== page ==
By Richard Black, Godfried Engbersen, Marek Okólski, Cristina Pantîru
A Continent relocating West? argues that the conceptualization of migration as a one-way or long term technique is turning into more and more broad of the mark. quite, east-west exertions migration in Europe, in universal might be with different flows in and from different components of the realm, is various, fluid, and encouraged by way of the dynamics of neighborhood and sector-specific exertions markets and migration-related political laws. The papers during this publication give a contribution to severe knowing of the east-west migration in the eu Union after the 2004 growth, from the hot to the previous member states.
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Extra resources for A Continent Moving West?: EU Enlargement and Labour Migration from Central and Eastern Europe
1). According to the transitional restrictions, individual labour migrants who are employed in Norwegian firms must have a residence permit before they can start work in Norway. In order to get a residence permit, they need a contract for full-time work with a Norwegian company offering the same wages as stated in collective agreement, or whatever is normal pay in this occupation and sector. Individual labour migrants must pay taxes in Norway. After the transitional restrictions are lifted, no wage requirements will be needed to obtain a work permit.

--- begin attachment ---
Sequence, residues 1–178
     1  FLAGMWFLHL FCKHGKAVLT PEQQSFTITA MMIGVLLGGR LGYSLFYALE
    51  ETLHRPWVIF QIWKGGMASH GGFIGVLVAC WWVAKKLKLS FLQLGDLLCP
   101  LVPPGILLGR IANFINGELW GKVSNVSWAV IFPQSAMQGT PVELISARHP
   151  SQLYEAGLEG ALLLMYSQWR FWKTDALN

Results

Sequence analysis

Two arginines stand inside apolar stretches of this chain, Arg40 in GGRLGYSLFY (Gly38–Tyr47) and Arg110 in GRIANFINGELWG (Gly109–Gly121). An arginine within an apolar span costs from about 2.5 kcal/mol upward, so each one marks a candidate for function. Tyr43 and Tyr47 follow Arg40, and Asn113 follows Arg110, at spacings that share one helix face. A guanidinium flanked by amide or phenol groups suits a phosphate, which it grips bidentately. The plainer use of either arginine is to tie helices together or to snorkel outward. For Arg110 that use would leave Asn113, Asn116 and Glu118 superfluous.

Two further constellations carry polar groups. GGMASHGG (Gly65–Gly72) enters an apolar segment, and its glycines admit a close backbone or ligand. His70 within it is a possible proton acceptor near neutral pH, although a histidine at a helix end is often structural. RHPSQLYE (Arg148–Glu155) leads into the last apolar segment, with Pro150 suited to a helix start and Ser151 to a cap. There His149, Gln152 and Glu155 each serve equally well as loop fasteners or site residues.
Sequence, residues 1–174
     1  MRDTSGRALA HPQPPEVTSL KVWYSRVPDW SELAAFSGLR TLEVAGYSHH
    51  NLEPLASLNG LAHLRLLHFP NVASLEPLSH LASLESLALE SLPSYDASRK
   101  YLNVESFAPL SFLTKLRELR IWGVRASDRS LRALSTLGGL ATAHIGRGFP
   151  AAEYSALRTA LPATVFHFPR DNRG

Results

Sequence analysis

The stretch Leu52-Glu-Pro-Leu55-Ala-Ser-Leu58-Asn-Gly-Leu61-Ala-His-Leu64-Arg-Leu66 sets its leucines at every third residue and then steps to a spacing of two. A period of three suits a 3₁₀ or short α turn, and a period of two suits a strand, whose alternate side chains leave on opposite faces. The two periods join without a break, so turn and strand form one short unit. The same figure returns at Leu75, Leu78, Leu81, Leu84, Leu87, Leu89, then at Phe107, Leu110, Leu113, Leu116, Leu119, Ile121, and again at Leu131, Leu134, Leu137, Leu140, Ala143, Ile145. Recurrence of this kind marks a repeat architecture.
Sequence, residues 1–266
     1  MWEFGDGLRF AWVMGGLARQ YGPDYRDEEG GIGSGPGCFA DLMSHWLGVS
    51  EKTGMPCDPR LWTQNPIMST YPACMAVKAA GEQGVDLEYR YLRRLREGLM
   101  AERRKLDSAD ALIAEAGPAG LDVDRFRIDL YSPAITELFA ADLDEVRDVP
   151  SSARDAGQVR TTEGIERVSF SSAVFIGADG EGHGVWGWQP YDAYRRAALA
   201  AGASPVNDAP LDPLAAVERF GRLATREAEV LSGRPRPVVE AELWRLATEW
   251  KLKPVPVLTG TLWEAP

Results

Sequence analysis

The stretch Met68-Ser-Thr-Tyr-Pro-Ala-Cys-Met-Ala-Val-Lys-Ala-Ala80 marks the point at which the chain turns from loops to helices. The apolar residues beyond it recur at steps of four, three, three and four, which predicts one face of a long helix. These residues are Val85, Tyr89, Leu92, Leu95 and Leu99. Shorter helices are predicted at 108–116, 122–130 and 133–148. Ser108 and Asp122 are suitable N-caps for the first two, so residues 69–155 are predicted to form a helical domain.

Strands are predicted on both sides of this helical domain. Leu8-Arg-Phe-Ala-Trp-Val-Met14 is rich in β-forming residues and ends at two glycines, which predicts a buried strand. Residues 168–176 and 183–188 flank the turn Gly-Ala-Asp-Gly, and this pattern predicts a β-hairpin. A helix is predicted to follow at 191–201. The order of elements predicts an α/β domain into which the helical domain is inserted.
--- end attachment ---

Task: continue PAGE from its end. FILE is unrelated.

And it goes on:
But despite the fact that generalising collective agreements have levelled the legal playing field regarding wage requirements for individual labour migrants and posted workers, the asymmetric regulation of tax, residence and employer responsibilities still incentivises employers to use foreign subcontractors. This, in turn, boosts low wage competition and illegal working conditions among Polish subcontractors and service providers. As such, the asymmetric regulation regime for labour and the mobility of services has given rise to a differentiated labour market for Polish construction workers.
Thirty-six per cent of them say that they most likely will lose their jobs if they become ill, while none of those who are working legally say this. 13 According to the findings of this study, they seem to have worked relatively well for those Polish construction workers who are covered by them. That is not to say that these workers receive equal treatment with their Norwegian colleagues: there is no doubt that the huge majority of Polish construction workers are paid less than the sector average.